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Classical 101

Pluto May Be Small, but It SOUNDS Big

Pluto and Charon

NASA's New Horizons interplanetary probe has been much in the news recently as it approached it's rendezvous with Pluto in the outer reaches of our solar system.  As you most likely have read, when the New Horizons probe was launched in 2006, Pluto still had planet status.  It has since been reduced to what was called a "dwarf planet," sliding down the chart faster than a B-list celebrity. 

What do we make of Pluto?  It has moons and we now know it is somewhat larger than we thought.  It's a bit of a maverick.  While the rest of us in this solar system have orbits which tend to be circular and on a similar plane, Pluto has a more elliptical orbit which is also on about a 17 degree incline.  Sometimes it's up...sometimes it's down.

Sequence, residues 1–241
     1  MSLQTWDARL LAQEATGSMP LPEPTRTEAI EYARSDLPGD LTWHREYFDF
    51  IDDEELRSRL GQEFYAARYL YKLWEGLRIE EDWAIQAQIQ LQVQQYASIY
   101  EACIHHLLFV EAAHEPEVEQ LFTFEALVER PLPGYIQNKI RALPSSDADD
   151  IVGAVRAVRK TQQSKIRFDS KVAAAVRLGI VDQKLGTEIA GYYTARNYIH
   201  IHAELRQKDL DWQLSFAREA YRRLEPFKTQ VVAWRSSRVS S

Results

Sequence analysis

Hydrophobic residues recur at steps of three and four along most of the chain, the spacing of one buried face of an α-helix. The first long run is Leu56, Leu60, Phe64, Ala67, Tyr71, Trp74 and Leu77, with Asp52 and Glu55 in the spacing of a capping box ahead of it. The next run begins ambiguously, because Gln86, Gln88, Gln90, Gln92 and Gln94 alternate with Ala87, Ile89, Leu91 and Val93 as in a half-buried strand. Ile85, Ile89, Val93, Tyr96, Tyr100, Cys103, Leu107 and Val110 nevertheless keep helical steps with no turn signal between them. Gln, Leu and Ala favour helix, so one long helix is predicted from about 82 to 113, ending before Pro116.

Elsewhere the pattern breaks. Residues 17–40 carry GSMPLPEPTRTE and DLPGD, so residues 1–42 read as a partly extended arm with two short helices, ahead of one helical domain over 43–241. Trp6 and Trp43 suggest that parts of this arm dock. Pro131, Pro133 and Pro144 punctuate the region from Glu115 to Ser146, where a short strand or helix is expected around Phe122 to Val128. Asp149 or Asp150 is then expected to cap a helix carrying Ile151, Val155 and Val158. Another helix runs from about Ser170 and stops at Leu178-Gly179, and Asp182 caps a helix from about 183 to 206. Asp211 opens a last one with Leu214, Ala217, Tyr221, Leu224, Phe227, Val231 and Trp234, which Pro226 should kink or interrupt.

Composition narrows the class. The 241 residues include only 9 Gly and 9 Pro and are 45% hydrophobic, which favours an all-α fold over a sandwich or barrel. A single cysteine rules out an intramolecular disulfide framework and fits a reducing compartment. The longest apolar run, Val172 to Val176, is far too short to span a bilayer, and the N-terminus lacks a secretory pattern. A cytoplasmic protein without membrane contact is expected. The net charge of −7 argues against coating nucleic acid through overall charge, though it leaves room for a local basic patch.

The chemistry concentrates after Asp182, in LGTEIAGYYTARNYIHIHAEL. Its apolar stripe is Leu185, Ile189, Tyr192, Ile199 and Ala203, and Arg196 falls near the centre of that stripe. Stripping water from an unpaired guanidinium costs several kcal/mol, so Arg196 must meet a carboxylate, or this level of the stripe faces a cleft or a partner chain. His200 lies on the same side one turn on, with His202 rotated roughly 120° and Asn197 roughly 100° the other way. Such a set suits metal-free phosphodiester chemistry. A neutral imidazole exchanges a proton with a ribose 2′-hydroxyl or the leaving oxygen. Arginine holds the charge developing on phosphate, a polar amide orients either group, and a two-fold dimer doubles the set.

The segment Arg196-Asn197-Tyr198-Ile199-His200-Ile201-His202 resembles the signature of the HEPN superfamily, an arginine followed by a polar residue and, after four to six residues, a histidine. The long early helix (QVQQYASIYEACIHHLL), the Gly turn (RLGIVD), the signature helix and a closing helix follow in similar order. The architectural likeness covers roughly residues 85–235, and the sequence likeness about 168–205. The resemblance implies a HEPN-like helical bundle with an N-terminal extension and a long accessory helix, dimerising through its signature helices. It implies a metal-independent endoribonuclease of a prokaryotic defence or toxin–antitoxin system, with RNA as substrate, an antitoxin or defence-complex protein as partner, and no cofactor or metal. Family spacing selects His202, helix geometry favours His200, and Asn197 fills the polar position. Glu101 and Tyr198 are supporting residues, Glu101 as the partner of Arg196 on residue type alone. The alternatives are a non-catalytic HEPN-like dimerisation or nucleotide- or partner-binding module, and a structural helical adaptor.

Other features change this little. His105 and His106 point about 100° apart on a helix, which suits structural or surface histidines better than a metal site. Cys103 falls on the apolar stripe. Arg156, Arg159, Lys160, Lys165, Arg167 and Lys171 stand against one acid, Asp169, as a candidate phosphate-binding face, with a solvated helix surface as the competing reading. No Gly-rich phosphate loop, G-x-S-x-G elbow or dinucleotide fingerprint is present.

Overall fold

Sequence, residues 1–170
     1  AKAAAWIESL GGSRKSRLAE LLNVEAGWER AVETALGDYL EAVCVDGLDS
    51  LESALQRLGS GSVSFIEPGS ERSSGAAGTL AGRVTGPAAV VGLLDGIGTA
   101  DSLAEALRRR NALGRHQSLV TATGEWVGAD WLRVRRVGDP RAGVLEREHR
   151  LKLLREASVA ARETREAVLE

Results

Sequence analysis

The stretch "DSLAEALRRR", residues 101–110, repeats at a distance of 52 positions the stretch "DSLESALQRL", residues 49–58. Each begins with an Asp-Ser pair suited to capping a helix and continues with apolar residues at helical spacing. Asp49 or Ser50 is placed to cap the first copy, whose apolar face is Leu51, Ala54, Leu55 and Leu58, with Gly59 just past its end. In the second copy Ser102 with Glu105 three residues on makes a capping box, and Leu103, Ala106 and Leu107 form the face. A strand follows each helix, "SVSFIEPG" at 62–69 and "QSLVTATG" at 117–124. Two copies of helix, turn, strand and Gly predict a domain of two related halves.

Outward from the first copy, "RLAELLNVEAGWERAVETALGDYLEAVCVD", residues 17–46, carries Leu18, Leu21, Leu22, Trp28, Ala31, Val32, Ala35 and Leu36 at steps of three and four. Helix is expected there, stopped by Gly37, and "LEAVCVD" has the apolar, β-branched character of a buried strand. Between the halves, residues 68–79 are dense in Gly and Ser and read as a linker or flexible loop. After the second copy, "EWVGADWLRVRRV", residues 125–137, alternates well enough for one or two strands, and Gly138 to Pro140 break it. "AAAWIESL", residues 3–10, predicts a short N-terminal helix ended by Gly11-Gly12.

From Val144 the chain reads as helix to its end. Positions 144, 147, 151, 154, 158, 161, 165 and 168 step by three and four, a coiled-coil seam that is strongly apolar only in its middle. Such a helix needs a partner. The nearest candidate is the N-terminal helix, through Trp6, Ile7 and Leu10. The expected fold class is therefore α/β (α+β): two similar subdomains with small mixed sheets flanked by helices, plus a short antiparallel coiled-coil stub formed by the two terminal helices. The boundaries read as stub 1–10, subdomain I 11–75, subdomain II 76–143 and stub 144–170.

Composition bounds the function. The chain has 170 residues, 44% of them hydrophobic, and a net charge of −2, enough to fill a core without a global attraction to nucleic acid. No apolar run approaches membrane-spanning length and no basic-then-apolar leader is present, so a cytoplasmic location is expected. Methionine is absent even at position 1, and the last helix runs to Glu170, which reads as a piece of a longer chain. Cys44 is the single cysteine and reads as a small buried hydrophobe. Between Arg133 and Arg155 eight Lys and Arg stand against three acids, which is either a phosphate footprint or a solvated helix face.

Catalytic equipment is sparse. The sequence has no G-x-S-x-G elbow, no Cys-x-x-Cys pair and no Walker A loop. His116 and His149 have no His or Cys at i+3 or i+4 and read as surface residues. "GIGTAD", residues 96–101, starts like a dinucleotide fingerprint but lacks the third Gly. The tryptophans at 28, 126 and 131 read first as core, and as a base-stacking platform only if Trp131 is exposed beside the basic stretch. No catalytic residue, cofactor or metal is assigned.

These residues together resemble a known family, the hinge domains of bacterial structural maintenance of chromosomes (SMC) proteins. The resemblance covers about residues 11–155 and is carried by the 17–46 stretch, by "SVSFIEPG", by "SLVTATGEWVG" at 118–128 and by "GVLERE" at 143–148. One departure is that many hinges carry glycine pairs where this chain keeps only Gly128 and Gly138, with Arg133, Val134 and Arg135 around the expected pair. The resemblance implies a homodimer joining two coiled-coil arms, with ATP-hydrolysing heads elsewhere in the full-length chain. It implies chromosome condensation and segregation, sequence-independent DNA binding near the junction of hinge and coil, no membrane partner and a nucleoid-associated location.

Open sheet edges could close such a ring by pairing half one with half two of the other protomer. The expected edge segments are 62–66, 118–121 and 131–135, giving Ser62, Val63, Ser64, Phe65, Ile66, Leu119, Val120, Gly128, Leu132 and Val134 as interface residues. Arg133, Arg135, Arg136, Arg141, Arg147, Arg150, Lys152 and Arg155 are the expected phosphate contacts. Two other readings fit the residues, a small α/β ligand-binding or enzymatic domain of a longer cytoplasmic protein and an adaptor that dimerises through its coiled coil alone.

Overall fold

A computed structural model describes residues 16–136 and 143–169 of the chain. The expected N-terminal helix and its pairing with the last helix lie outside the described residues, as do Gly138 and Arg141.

The thing which makes me vote to give Pluto it's planet status back: It has it's own music.

Gustav Holst, who wrote The Planets in early 20th century, knew nothing of Pluto, which wasn't discovered until two years before Holst died.  The composer did try to add Pluto to his creation, but a stroke slowed him down.  He eventually laid it aside, unhappy with his efforts.

In the late 20th century, Colin Matthews set out to change this slight of the smallest member of our planetary family.  The Holst scholar had studied the composer's work extensively, which enabled him to write music which complimented the existing work.

Even with Pluto's 2006 demotion, maybe the music will give Pluto enough 'cred' to apply for reinstatement.